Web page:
And the water was spent in the bottle, and she cast the child under one of the shrubs.
15. the water was spent, &c.—Ishmael sank exhausted from fatigue and thirst—his mother laid his head under one of the bushes to smell the damp while she herself, unable to witness his distress, sat down at a little distance in hopeless sorrow.
And she went, and sat her down over against him a good way off, as it were a bowshot: for she said, Let me not see the death of the child. And she sat over against him, and lift up her voice, and wept.
And God heard the voice of the lad; and the angel of God called to Hagar out of heaven, and said unto her, What aileth thee, Hagar? fear not; for God hath heard the voice of the lad where he is.
Arise, lift up the lad, and hold him in thine hand; for I will make him a great nation.
And God opened her eyes, and she saw a well of water; and she went, and filled the bottle with water, and gave the lad drink.
19. God opened her eyes—Had she forgotten the promise (Ge 16:11)? Whether she looked to God or not, He regarded her and directed her to a fountain close beside her, but probably hid amid brushwood, by the waters of which her almost expiring son was revived.
And God was with the lad; and he grew, and dwelt in the wilderness, and became an archer.
20, 21. God was with the lad, &c.—Paran (that is, Arabia), where his posterity has ever dwelt (compare Ge 16:12; also Isa 48:19; 1Pe 1:25).

his mother took him a wife—On a father's death, the mother looks out for a wife for her son, however young; and as Ishmael was now virtually deprived of his father, his mother set about forming a marriage connection for him, it would seem, among her relatives.

And he dwelt in the wilderness of Paran: and his mother took him a wife out of the land of Egypt.
And it came to pass at that time, that Abimelech and Phichol the chief captain of his host spake unto Abraham, saying, God is with thee in all that thou doest:
Ge 21:22-34. Covenant.

22. Abimelech and Phichol—Here a proof of the promise (Ge 12:2) being fulfilled, in a native prince wishing to form a solemn league with Abraham. The proposal was reasonable, and agreed to [Ge 21:24].

Now therefore swear unto me here by God that thou wilt not deal falsely with me, nor with my son, nor with my son's son: but according to the kindness that I have done unto thee, thou shalt do unto me, and to the land wherein thou hast sojourned.
And Abraham said, I will swear.
And Abraham reproved Abimelech because of a well of water, which Abimelech's servants had violently taken away.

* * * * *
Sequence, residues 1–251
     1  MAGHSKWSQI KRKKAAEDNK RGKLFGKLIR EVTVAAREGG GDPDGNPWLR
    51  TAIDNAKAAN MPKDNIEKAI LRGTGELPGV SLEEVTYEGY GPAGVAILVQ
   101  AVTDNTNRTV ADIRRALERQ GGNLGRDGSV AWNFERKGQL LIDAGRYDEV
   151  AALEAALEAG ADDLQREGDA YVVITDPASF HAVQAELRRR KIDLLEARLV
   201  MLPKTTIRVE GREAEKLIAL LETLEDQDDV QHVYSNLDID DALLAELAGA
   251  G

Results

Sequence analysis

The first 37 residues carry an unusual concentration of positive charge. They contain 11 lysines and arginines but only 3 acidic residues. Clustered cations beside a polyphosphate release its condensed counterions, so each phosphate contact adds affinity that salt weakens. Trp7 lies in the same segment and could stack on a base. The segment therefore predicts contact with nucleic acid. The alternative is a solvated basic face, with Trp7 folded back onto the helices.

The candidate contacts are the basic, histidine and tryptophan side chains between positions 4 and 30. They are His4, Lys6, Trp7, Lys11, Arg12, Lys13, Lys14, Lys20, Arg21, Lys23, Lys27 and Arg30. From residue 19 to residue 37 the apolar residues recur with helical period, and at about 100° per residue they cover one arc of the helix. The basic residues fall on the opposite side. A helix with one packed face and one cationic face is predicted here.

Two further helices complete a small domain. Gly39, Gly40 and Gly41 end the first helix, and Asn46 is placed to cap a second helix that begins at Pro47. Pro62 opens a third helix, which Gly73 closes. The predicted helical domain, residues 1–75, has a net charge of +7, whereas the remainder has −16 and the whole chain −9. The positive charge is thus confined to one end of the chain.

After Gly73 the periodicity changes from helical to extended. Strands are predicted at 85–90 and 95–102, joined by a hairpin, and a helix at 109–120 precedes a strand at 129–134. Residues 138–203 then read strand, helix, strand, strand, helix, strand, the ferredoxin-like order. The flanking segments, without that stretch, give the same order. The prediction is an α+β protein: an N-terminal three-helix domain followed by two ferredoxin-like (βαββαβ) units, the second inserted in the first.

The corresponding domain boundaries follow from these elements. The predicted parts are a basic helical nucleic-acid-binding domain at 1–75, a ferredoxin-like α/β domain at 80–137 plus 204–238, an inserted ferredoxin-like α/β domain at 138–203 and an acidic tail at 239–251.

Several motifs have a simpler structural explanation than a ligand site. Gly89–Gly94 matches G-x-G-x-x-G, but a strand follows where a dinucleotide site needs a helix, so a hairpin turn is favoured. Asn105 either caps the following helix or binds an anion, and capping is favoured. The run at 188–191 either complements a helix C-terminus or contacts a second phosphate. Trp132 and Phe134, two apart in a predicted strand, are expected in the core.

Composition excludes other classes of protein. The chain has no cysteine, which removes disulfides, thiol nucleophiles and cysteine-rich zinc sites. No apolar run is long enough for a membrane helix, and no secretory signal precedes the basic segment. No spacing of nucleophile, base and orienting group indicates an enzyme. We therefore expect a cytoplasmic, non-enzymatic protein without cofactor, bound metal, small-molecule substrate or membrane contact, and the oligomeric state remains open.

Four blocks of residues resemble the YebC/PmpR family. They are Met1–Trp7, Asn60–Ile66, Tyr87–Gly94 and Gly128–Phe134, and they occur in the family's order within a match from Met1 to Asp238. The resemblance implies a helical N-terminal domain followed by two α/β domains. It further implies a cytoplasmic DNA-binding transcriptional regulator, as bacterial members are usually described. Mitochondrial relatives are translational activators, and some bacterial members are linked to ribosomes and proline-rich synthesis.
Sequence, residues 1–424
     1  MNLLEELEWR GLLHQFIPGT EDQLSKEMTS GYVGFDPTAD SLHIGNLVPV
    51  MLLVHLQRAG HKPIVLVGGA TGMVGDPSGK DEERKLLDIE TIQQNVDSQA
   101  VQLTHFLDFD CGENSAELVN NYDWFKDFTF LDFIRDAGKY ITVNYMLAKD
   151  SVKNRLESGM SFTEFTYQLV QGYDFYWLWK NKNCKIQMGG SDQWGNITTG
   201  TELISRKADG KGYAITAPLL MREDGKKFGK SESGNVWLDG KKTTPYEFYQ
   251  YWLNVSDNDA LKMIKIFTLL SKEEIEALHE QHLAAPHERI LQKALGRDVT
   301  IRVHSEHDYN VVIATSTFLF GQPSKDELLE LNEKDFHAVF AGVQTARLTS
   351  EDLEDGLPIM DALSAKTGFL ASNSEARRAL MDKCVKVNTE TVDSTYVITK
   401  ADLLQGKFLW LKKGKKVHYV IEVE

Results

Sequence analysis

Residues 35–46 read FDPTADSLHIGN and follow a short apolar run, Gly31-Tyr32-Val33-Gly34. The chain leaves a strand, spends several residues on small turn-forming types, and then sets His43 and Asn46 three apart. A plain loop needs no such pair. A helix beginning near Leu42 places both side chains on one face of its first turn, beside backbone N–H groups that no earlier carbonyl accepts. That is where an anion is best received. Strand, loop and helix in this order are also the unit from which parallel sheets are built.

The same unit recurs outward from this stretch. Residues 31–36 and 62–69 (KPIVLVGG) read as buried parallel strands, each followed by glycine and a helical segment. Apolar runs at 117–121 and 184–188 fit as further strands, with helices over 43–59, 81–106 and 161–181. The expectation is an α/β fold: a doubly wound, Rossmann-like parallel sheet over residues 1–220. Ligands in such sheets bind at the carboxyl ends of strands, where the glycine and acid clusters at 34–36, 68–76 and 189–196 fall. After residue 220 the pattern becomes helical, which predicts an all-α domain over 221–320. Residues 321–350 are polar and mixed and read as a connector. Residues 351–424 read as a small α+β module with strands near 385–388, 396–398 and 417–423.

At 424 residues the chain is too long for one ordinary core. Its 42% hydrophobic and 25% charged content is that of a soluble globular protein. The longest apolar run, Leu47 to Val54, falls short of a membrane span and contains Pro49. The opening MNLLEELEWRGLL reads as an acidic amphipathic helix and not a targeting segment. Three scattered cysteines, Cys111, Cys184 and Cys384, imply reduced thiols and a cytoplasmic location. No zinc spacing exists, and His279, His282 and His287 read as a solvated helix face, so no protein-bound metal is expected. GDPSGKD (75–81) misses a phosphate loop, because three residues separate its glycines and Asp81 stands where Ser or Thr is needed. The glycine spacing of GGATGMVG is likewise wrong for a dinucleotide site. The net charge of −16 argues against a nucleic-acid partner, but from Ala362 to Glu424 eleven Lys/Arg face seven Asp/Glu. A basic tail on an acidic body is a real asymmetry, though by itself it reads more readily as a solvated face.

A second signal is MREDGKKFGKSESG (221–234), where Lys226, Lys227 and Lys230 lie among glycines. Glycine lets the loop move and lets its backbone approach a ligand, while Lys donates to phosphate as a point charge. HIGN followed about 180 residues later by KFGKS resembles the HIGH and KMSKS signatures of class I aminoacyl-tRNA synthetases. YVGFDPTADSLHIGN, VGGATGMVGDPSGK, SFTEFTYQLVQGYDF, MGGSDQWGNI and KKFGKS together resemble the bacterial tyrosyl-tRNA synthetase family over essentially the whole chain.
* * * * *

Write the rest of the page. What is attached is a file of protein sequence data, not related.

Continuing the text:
25-31. And Abraham reproved Abimelech because of a well—Wells were of great importance to a pastoral chief and on the successful operation of sinking a new one, the owner was solemnly informed in person. If, however, they were allowed to get out of repair, the restorer acquired a right to them. In unoccupied lands the possession of wells gave a right of property in the land, and dread of this had caused the offense for which Abraham reproved Abimelech. Some describe four, others five, wells in Beer-sheba.
And Abimelech said, I wot not who hath done this thing: neither didst thou tell me, neither yet heard I of it, but to day.
And Abraham took sheep and oxen, and gave them unto Abimelech; and both of them made a covenant.
And Abraham set seven ewe lambs of the flock by themselves.
And Abimelech said unto Abraham, What mean these seven ewe lambs which thou hast set by themselves?
And he said, For these seven ewe lambs shalt thou take of my hand, that they may be a witness unto me, that I have digged this well.
Wherefore he called that place Beersheba; because there they sware both of them.
Thus they made a covenant at Beersheba: then Abimelech rose up, and Phichol the chief captain of his host, and they returned into the land of the Philistines.
And Abraham planted a grove in Beersheba, and called there on the name of the LORD, the everlasting God.
33. Abraham planted a grove—Hebrew, "of tamarisks," in which sacrificial worship was offered, as in a roofless temple.
And Abraham sojourned in the Philistines' land many days.
34. Abraham sojourned in the Philistines' land—a picture of pastoral and an emblem of Christian life.
Jamieson-Fausset-Brown Bible Commentary

Genesis 20